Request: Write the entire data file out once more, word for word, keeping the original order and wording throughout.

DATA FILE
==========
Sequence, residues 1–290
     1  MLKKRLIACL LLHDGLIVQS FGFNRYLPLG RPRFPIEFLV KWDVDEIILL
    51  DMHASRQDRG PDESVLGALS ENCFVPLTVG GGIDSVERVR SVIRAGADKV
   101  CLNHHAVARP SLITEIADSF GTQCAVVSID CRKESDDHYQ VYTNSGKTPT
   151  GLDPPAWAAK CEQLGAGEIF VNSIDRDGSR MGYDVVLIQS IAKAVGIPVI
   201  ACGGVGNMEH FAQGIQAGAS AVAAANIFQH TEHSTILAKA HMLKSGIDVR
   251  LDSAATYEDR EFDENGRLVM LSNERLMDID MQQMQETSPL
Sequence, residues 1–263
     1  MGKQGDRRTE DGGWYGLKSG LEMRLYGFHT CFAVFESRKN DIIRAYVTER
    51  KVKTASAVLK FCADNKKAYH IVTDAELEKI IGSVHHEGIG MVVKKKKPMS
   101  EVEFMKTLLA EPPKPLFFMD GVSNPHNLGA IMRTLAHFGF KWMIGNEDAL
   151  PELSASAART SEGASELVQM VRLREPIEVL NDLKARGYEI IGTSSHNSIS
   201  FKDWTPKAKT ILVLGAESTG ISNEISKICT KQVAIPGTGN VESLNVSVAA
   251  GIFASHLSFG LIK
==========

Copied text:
Sequence, residues 1–290
     1  MLKKRLIACL LLHDGLIVQS FGFNRYLPLG RPRFPIEFLV KWDVDEIILL
    51  DMHASRQDRG PDESVLGALS ENCFVPLTVG GGIDSVERVR SVIRAGADKV
   101  CLNHHAVARP SLITEIADSF GTQCAVVSID CRKESDDHYQ VYTNSGKTPT
   151  GLDPPAWAAK CEQLGAGEIF VNSIDRDGSR MGYDVVLIQS IAKAVGIPVI
   201  ACGGVGNMEH FAQGIQAGAS AVAAANIFQH TEHSTILAKA HMLKSGIDVR
   251  LDSAATYEDR EFDENGRLVM LSNERLMDID MQQMQETSPL
Sequence, residues 1–263
     1  MGKQGDRRTE DGGWYGLKSG LEMRLYGFHT CFAVFESRKN DIIRAYVTER
    51  KVKTASAVLK FCADNKKAYH IVTDAELEKI IGSVHHEGIG MVVKKKKPMS
   101  EVEFMKTLLA EPPKPLFFMD GVSNPHNLGA IMRTLAHFGF KWMIGNEDAL
   151  PELSASAART SEGASELVQM VRLREPIEVL NDLKARGYEI IGTSSHNSIS
   201  FKDWTPKAKT ILVLGAESTG ISNEISKICT KQVAIPGTGN VESLNVSVAA
   251  GIFASHLSFG LIK